Science of NHL Hockey: Force, Impulse & Collisions

Air Date: 01/25/2012
Source:
NBC Learn
Creator:
Lester Holt
Air/Publish Date:
01/25/2012
Event Date:
01/25/2012
Resource Type:
Science Explainer
Copyright:
NBCUniversal Media, LLC.
Copyright Date:
2012
Clip Length:
00:05:06

NHL hockey pucks are made of vulcanized rubber and weigh between 5.5 and 6 ounces (160 - 170 g). During a game, every movement of the puck follows the laws of physics and illustrates the concepts of force, impulse and collisions. "Science of NHL Hockey" is a 10-part video series produced in partnership with the National Science Foundation and the National Hockey League.

Science of NHL Hockey – Force, Impulse, and Collisions

LESTER HOLT, reporting:

The swings, the slams, even the saves.

In the National Hockey League, things collide, but nothing on the ice takes as many hits as the puck. Weighing in at 6-ounces, this 1-inch by 3-inch black cylinder is made of vulcanized rubber. It's often kept in the freezer before games to minimize its elasticity.

ERIC JOHNSON (Defenseman, Colorado Avalanche): When the pucks bounce around, we call that ‘grenades.’ It's just kind of bouncing everywhere. You don't know where it's going to go and it blows up-- it blows up and then it hits your stick.

HOLT: During a game, every movement of the puck follows the laws of physics and illustrates the concepts of force, impulse and collision.

Force is the push or pull that can accelerate an object by changing its velocity or by changing its shape.

Dr. JIM GATES (University of Maryland): In order for something to change its state of motion, there has to be an unbalanced force.

HOLT: Jim Gates is a theoretical physicist at the University of Maryland and has been supported by the National Science Foundation.

GATES: Suppose that, as the hockey puck is sitting there, I suddenly come along and hit it with my hockey stick. I exert a force in this direction. There's nothing pressing back in that direction. That unbalanced force causes the acceleration.

HOLT: The force on an object is equal to its mass multiplied by its acceleration, commonly expressed as "F-equals-M-A." But scientists often write it as "A-equals-F-divided-by-M", which makes it more obvious that the greater the force applied to an object, like a puck, the faster it accelerates.

GATES: When you come with a stick and you rap that hockey puck really hard, you're applying a big amount of force to it. And so, it accelerates off really fast. On the other hand, you just give a gentle tap, and it just leisurely slides across the ice.

HOLT: The passing and shooting of a puck are also examples of an impulse, which is the measure of a force applied for a time.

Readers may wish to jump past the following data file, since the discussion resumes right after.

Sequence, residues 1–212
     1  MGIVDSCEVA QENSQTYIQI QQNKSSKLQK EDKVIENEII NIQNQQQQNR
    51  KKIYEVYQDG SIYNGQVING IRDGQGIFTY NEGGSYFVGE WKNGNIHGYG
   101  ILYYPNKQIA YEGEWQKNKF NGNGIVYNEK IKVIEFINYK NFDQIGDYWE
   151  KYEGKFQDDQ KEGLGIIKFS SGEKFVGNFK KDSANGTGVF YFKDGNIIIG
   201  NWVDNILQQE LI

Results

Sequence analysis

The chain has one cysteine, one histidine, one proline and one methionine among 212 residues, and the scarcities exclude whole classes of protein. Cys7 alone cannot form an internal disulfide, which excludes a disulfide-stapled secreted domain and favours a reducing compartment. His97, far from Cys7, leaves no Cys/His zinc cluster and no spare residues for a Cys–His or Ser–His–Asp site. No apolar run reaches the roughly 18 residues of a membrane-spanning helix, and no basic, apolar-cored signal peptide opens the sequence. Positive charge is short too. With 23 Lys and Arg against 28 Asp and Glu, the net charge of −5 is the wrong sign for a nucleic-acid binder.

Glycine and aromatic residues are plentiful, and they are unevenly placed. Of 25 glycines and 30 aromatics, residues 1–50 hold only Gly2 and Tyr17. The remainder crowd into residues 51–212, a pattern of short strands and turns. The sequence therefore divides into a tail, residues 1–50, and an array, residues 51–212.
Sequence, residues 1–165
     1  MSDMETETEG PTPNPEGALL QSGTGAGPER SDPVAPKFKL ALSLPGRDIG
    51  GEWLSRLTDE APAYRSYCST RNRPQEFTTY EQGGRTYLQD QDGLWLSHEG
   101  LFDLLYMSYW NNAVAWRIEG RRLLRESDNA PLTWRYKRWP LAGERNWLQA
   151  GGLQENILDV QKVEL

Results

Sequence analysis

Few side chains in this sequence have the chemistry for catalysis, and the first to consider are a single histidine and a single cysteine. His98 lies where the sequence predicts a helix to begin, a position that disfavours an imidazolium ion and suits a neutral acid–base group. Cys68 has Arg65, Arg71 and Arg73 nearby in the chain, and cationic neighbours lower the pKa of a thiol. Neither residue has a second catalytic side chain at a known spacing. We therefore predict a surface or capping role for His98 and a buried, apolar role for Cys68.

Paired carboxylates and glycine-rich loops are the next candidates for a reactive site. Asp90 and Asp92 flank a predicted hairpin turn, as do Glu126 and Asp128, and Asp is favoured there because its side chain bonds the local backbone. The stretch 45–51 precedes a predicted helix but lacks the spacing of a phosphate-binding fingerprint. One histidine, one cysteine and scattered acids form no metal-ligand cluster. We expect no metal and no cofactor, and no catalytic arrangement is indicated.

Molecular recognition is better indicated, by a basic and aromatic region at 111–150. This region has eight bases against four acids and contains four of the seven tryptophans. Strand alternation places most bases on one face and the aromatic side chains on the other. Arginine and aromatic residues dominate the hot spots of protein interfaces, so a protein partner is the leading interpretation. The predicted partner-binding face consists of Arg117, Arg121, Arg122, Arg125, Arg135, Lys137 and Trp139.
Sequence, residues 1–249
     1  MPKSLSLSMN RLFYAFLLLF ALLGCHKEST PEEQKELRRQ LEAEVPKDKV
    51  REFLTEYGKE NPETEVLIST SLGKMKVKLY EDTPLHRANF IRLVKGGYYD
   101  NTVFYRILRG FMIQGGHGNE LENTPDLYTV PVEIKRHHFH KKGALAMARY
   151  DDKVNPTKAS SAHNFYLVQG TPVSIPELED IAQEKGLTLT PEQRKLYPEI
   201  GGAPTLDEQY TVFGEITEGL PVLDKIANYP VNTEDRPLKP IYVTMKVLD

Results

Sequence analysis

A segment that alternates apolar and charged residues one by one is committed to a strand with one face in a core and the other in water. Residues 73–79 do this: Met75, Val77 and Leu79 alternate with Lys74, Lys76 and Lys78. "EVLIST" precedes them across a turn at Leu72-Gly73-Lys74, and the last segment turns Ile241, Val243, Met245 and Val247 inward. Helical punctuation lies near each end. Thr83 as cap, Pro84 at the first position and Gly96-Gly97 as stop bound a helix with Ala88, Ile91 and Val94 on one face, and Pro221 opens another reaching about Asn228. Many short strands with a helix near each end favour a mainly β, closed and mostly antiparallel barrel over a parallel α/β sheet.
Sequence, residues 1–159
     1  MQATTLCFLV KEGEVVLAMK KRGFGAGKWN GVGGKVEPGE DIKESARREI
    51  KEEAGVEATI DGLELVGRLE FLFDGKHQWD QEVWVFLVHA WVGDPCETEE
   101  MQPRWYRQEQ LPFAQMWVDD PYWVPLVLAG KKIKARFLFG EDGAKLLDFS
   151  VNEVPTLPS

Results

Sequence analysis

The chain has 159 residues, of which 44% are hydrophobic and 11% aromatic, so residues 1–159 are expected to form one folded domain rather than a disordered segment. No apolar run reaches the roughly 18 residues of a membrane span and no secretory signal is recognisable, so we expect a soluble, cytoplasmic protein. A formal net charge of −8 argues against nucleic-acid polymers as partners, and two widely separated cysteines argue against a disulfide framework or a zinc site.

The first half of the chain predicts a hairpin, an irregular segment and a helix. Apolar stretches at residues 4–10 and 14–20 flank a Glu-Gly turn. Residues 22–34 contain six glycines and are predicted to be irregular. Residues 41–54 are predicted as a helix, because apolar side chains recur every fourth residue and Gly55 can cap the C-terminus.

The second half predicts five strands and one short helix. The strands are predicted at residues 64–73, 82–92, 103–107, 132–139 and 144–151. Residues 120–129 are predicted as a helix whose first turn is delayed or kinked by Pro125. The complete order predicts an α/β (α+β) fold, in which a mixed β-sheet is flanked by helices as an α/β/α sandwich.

Dr. ROBERT GEHRZ (Minnesota Institute for Astrophysics, University of Minnesota): The impulse is an important concept in hockey because most of the time you are applying forces for only a very short time.

HOLT: Robert Gehrz is an astrophysicist at the University of Minnesota and has been supported by the National Science Foundation.

GEHRZ: For example, when you shoot a puck by swinging your stick at it, the force you apply to the puck acts for just a split-second, then the puck is gone. That's an impulse.

HOLT: To calculate an impulse, the applied force is multiplied by the amount of time it's applied, represented by Delta-t.

On a graph indicating force versus time, a larger force... or a longer time for the force to act, creates a bigger impulse. The bigger the impulse, the bigger the change in the speed of the puck. Conversely, a smaller force or shorter time creates a smaller impulse.

GEHRZ: So when you're dribbling the puck, you're applying little impulses to move the puck back and forth. But you don't want to apply a big impulse because the puck will get away from you.

HOLT: Once the puck starts, it will continue to move until another force acts on it - like a collision with the boards or a goalie's glove.

JAROSLAV HALAK (Goalie, St. Louis Blues): All the goalie coaches, they’re trying to teach us, stop the puck first, you know. But the best thing is to catch the puck and with no rebounds.

HOLT: A collision is when one object touches another object. It's called an "elastic" collision if the object bounces off and retains its energy of motion.

GEHRZ: Well, the boards are pretty hard and they’re pretty massive. And so when the puck hits the boards, it basically bounces back with the same speed that it was coming in at.

HOLT: During an "inelastic" collision, some of the object's energy is transformed into heat through friction or deformation, or into some other type of energy.

GEHRZ: An inelastic collision would be exemplified by a puck hitting a player. The player has soft padding on and so the puck just sort of dies when it hits. This is what a goalie wants--a totally inelastic collision so the puck drops on the ice in front of him and he can smother it.

PEKKA RINNE (Goalie, Nashville Predators): You're going to trap a lot of pucks against your chest protector. You're going to use your pads that you wear on your legs. Even sometimes you use your skates. So it's, uh, anything you can get in front you're going to use, even your head.

HOLT: Whether the forces and impulses are working with it or against it, for the puck, a hockey game is one collision after another, all the way to the net.

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